The readings speak of blindness and spiritual sight. In the 1st reading from 1 Samuel the scripture tells us, “Not as man sees does God see” as the Lord chooses David, the youngest son of Jesse to be king of Israel. David is anointed with oil and the Spirit of the Lord rushed upon him, a foreshadow of the anointing with oil in the sacraments of Baptism and Confirmation.
In the Gospel Jesus heals the man born blind by telling the man to go wash in the Pool of Siloam, a foreshadow of Baptism. Siloam means “Sent”. Jesus is the one who is sent to heal us and make us whole.
As disciples what do these readings mean to us? We need to look into our lives and see how we are blind. Are we blind to our own faults and shortcomings? Are we blind to the needs of others and to the needs of the Church? When we realize and acknowledge we are blind in certain ways, then we can come to Christ, the one who was sent to heal us and make us whole. For those of us who already have been baptized we can wash in the waters of Baptism once again through the Sacrament of Reconciliation. Through a good confession we can be washed clean, as clean and pure as we were on the day of our Baptism.
That is something to rejoice about!
In the 2nd reading Jesus calls us through St. Paul, “To live in the light…Awake, O sleeper, and arise from the dead, and Christ will give you light.” Let us go to Christ so he can heal our blindness and allow us to see in his light.
On the 3rd Sunday of Lent we hear the readings that are usually proclaimed at the 1st Scrutiny for the RCIA Elect & Candidates preparing for Baptism, Confirmation and First Eucharist. The theme is life-giving water pointing to Baptism. But as disciples of Christ we are all also called during Lent to “scrutinize” our faith lives and discern where and how we can experience conversion in our hearts to grow closer to God.
In the 1st reading from Exodus we hear of the Israelites grumbling that they are thirsty for water out in the desert. The Lord God tells Moses, “Strike the rock, and water will flow from it.” That rock is a foreshadow of the Christ, the Rock of our Salvation, which from whom life-giving water would flow.
In the Gospel, in the story of the “Woman at the Well”, Jesus is shown as the fulfillment of the foreshadow from Exodus. The woman comes to draw water from the well but Jesus tells her and us, “Whoever drinks this water will be thirsty again; but whoever drinks the water I shall give will become in him a spring of water welling up to eternal life.”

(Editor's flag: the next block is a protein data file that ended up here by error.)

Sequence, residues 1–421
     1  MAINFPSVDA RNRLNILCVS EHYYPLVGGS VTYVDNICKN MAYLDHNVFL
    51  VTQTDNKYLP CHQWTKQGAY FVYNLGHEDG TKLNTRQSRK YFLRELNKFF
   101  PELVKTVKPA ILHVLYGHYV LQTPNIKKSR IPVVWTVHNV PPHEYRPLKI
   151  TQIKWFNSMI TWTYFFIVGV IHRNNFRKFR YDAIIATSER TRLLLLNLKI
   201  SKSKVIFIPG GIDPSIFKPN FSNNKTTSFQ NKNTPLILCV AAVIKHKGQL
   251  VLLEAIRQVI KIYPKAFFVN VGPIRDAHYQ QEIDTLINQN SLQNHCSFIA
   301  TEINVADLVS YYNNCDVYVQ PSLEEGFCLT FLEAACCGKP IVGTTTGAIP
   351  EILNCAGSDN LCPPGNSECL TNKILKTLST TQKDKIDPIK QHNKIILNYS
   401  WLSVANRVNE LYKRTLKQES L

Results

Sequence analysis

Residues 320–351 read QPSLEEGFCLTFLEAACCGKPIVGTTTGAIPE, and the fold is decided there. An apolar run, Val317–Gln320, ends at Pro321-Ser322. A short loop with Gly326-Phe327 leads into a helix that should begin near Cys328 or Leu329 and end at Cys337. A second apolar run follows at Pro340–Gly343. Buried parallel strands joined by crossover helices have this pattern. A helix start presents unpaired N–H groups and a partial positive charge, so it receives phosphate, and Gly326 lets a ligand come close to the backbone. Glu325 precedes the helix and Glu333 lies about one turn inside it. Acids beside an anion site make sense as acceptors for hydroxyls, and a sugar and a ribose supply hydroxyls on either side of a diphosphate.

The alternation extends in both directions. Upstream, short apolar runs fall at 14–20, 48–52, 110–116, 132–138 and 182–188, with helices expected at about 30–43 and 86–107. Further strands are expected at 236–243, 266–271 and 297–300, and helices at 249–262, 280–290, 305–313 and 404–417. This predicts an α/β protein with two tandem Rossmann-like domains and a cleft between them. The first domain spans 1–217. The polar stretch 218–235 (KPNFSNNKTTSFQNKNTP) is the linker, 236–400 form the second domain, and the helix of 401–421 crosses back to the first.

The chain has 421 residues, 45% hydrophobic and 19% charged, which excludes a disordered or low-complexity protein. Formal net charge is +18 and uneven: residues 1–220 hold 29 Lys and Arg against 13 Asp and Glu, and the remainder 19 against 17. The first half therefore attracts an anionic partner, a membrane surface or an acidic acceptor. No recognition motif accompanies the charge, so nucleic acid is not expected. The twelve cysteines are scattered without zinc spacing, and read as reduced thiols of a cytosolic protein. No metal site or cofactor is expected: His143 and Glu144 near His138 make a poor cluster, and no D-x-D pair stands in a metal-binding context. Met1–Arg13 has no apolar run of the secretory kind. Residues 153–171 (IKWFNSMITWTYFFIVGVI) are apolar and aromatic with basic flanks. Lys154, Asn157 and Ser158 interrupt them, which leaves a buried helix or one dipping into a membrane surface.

As disciples the question for us is, “How thirsty are we for life-giving water?” Are we complacent and satisfied with the things around us, things that the world has to offer? Or do we have a tremendous thirst for the water that only Christ can give?
Have you ever been so thirsty that you had to have a drink of water or you felt like you would die? As disciples that’s how we should thirst for Jesus. We should be so thirsty that we cannot get enough of his Word, the sacraments, his real presence in the Blessed Sacrament and his grace that he offers us. The world cannot satisfy, only the Rock of our Salvation can satisfy.
And after we drink from the well of Christ, we need to go out like the Samaritan woman who encountered Jesus and we need to evangelize as she did. She went back to town and told everyone who would listen about this experience she had with the one who can satisfy. We need to do the same and make disciples of all nations.
In the words of the most interesting man in the world, “Stay thirsty my friends!”
On this First Sunday of Lent, as we begin our climb of the holy mountain of Easter, we hear in the first reading about Adam who was tempted and sinned; and in the Gospel we hear of Jesus who was tempted but did not sin. St. Paul tells us in the 2nd reading, “Just as through one transgression condemnation came upon all, so, through one righteous act, acquittal and life came to all.” Through disobedience sin came into the world (through Adam). Through the cross the second Adam (Jesus) brought forgiveness of sin.
We might say that if it wasn’t for Adam and Eve’s disobedience sin would have never entered the world. But think about it, we do the same thing almost every day – sin through disobedience. That is what Lent is about, to help us remember that we are sinners and we often fall short. But the good news is that through repentance and coming to the cross of Christ, we can be made clean again. Lent is to help us get back on track, to help us return home, to help us realign ourselves once again with our merciful God through prayer, fasting and almsgiving.